In the Illinois governor’s corruption case, the law gives prosecutor the edge, analysts say.
If Illinois Gov. Rod Blagojevich intends to fight both impeachment and the criminal charges against him, as he has been signaling, a possible line of defense might be an assertion that talk is talk – and nothing more.
The talk, infamously vulgar as quoted from federal wiretaps on the governor’s phones, is of course about his apparent desire to get money or a plum job in return for an official decision, such as naming Barack Obama’s successor in the US Senate. One area of argument, hinted at by Governor Blagojevich's high-profile defense lawyer, is that the wiretap evidence is inadmissible in court. Another may be whether there’s evidence that the governor had an actual plan to extract favors and would carry it through.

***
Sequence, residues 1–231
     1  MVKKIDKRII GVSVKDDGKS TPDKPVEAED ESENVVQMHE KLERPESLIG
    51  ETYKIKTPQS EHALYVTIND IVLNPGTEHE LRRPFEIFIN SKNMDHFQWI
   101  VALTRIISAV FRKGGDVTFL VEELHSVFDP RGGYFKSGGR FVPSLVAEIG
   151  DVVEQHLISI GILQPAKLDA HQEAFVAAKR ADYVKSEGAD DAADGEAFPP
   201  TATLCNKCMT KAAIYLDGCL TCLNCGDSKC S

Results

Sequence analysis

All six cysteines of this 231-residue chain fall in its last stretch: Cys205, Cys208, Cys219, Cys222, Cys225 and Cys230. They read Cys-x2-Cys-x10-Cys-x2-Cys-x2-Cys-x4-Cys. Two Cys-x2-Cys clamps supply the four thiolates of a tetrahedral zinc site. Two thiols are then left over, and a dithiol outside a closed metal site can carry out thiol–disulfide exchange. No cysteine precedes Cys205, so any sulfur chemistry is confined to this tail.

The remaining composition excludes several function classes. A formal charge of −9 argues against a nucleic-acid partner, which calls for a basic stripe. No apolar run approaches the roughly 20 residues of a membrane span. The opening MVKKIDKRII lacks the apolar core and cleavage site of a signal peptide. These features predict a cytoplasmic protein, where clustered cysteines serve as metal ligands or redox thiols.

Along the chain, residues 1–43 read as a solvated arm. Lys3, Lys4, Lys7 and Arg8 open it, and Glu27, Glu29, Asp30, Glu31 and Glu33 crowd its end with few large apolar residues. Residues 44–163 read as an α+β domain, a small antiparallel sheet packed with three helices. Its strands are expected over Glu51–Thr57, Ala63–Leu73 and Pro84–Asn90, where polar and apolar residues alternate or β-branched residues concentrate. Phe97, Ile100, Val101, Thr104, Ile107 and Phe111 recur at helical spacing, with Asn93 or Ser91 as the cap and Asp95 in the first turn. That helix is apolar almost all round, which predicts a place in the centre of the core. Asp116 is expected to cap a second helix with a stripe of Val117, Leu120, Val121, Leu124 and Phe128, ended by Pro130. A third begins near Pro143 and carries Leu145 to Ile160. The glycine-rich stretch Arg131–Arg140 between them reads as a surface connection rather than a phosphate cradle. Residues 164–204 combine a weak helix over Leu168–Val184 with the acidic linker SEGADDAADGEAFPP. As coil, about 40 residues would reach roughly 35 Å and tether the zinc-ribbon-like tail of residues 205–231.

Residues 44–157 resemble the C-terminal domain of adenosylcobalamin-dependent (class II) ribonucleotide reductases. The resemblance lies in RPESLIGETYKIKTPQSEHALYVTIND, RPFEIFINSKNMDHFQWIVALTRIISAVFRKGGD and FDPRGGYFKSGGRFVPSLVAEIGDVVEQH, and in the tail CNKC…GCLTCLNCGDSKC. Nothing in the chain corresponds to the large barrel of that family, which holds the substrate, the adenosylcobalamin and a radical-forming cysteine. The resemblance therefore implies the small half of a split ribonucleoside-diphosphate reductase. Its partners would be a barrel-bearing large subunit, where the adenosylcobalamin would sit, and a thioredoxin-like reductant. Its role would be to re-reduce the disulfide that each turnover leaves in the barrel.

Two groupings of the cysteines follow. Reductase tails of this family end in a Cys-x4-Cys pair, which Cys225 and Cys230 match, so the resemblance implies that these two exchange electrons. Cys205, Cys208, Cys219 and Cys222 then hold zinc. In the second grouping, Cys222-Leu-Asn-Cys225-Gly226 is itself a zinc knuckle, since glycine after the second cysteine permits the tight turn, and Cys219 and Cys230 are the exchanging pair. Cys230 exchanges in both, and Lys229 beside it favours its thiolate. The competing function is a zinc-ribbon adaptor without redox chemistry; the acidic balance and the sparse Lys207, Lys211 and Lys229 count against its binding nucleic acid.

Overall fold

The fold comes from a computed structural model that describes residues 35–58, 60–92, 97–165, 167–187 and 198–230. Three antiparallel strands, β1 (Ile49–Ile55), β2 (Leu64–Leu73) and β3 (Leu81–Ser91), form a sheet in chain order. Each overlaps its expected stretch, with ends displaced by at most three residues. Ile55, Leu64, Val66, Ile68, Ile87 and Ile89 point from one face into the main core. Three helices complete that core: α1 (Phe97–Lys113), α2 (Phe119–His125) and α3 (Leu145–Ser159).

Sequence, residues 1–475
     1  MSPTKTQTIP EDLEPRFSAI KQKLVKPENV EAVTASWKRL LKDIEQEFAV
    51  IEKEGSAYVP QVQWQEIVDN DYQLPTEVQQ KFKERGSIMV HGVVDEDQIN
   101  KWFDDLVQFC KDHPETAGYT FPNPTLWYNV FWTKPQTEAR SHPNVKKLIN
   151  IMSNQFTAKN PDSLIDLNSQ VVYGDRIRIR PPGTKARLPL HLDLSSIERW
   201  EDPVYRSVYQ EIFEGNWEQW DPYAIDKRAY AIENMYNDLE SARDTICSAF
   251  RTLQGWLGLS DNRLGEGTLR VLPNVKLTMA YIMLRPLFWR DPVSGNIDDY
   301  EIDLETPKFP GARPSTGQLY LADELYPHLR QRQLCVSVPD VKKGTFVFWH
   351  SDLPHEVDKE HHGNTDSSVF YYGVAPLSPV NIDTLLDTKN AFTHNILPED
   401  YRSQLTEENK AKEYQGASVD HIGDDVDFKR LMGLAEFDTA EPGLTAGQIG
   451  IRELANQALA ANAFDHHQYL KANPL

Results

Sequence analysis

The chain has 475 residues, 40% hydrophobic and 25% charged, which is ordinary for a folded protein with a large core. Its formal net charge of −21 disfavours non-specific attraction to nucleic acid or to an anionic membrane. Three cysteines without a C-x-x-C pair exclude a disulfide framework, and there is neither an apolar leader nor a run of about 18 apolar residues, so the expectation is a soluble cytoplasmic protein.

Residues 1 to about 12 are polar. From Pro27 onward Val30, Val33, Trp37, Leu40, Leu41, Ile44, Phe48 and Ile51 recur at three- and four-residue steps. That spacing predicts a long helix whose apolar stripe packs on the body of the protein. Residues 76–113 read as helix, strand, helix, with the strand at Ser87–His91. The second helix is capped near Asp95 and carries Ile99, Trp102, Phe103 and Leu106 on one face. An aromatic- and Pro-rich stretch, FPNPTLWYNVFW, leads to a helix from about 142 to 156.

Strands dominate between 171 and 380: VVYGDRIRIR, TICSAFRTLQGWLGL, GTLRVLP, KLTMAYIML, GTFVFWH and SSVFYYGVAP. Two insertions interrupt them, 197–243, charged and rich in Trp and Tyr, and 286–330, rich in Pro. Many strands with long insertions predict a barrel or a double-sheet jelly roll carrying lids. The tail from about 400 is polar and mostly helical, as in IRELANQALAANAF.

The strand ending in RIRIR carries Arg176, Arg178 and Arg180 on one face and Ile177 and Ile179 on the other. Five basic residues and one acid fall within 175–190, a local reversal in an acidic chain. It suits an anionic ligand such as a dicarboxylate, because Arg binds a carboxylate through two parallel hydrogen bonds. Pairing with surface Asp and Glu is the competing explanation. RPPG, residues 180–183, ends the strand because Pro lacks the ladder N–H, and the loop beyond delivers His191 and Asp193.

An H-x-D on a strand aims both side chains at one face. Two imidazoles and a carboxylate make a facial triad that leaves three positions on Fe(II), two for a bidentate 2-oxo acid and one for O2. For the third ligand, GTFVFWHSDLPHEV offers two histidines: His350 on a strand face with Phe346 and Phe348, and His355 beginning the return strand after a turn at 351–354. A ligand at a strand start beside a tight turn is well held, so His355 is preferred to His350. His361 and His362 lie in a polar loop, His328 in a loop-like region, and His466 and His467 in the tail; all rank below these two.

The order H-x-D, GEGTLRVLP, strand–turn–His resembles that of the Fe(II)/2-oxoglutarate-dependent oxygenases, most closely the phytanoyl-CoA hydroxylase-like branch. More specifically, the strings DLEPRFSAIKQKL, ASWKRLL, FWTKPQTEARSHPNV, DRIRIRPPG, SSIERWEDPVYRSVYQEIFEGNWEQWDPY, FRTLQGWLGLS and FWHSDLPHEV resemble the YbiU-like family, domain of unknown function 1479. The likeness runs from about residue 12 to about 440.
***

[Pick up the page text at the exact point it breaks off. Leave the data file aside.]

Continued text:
As impeachment proceedings began this week in Springfield, the state capital, many legal analysts say the 76-page complaint the US attorney already filed against Blagojevich lays out a fairly strong case – especially in a somewhat nebulous area of law that centers on whether a government official has deprived Illinois residents of his honest services.
“The prosecutor has the advantage of lots of laws that are very favorable to him and unfavorable to the defendant,” says Prof. Al Alschuler of Northwestern University School of Law, noting that US Attorney Patrick Fitzgerald has prosecuted a number of similar cases, including some that looked weaker than this one, without losing any. Even if none of Blagojevich’s apparent attempts to gain personal and campaign favors came to fruition, he says, “a scheme is enough.”
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